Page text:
4: Any Canadian team would be in the same boat Dallas is now with the possible exception of the Leafs and Habs. I know for a fact that the Bruins -- an established team in a very good hockey market -- had real trouble drawing fans when disgust with Jacobs reached its peak in the wake of the Thornton trade. Fortunately, Chiarelli turned things around brilliantly and got the Bruins back to their rightful place.
Canadian teams being in the same boat, you mean by that producing winning teams? Dallas have had pretty solid teams, always making the playoffs for years while the Leafs and Habs sucks yet they fill the place.


Quote:
5: If you want to help Dallas? Expand or relocate into Houston. Nothing helps a team when it's down like a nice rivalry to look forward to. As a fan of a team that has been both bad and rudderless, I know that even in those situations a rivalry game can be fun, especially if you pull off a win.

If fans don't want to sink a ton into the team, but might want to watch one or two games, and there's a rival around, guess which games those will be. It will get people to buy tickets to go to a game when they might have hesitated and decided to keep their money. And rivalry games build hockey addicts, because hockey is the best rivalry sport in the world.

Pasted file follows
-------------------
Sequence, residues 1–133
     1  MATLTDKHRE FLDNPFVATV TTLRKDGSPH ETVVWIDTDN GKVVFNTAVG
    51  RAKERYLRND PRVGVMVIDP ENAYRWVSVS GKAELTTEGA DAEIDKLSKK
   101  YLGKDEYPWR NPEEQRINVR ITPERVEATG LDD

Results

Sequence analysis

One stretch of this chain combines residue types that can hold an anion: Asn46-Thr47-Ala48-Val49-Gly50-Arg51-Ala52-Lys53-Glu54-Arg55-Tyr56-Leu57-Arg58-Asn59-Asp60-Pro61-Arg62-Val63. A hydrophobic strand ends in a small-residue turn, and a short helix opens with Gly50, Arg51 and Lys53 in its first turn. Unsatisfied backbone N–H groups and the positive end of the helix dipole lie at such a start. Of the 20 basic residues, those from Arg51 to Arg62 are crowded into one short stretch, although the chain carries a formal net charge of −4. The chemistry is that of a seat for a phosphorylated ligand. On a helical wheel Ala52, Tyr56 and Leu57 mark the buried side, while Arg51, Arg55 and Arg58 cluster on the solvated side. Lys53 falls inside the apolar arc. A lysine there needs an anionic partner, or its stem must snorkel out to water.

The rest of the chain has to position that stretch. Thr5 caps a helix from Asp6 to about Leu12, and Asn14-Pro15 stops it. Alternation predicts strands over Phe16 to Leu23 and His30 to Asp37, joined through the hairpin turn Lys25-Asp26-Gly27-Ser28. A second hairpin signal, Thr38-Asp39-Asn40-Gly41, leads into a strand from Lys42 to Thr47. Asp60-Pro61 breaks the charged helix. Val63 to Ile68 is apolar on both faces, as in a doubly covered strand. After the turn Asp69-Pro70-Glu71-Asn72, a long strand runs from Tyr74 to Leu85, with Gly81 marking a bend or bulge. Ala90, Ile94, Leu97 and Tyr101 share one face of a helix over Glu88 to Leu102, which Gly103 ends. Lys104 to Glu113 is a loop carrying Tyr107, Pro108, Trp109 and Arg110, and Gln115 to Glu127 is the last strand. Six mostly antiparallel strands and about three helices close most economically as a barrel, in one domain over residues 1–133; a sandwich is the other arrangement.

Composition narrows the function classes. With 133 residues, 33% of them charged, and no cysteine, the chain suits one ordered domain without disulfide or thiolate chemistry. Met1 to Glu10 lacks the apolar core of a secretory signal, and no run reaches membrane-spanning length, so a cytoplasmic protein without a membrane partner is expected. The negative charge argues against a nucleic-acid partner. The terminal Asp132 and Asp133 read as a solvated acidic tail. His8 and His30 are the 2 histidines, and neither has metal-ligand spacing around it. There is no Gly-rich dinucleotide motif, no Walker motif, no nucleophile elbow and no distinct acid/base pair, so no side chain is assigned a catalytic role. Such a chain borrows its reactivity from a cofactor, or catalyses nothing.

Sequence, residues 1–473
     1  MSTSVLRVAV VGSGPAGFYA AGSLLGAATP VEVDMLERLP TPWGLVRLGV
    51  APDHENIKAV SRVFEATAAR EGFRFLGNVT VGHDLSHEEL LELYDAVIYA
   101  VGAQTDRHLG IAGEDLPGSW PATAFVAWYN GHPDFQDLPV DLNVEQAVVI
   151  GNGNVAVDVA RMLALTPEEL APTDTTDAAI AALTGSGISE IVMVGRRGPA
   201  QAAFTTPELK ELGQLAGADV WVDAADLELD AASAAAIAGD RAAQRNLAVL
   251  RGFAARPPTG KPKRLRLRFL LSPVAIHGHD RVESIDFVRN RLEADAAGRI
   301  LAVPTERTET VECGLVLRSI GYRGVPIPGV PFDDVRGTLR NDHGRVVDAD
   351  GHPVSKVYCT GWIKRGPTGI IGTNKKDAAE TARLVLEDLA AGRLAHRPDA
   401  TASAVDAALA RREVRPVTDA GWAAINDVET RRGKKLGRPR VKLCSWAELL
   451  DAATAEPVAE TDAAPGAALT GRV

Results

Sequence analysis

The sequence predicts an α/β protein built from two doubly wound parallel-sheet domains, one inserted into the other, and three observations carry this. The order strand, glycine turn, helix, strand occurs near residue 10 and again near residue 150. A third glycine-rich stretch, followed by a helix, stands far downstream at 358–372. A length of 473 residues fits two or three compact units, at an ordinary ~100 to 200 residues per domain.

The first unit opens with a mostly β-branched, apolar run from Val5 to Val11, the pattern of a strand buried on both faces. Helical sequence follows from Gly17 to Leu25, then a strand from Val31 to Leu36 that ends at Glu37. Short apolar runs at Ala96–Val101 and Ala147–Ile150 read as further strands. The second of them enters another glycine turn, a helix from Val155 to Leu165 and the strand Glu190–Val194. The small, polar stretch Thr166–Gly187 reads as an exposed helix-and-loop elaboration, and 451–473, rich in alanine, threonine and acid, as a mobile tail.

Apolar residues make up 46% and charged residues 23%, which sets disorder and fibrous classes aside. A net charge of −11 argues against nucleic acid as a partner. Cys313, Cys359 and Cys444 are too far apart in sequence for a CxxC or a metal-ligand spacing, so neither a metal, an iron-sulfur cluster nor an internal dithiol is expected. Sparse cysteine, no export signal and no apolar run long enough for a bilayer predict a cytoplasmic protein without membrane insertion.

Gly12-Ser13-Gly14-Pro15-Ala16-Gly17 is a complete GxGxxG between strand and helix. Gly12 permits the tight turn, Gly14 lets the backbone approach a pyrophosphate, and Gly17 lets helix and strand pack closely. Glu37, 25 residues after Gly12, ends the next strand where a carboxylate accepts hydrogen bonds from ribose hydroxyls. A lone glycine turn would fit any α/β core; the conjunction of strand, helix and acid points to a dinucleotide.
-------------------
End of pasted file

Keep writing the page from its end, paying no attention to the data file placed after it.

Once Southern teams start building real rivalries, it's going to become a lot easier to get Southern fans out to games. Houston expansion helps that process.
Don't you realise how unreal this sounds? Put a team to a place near Dallas just to help Dallas? How about throwing money away for free? We don't even know if Houston would be a good place for hockey and secondly they may not even create a rivalry with Dallas. If Dallas can't help themselves, nothing will change their fortune. Get Dallas healthy first and then maybe the league could think about other possibilities.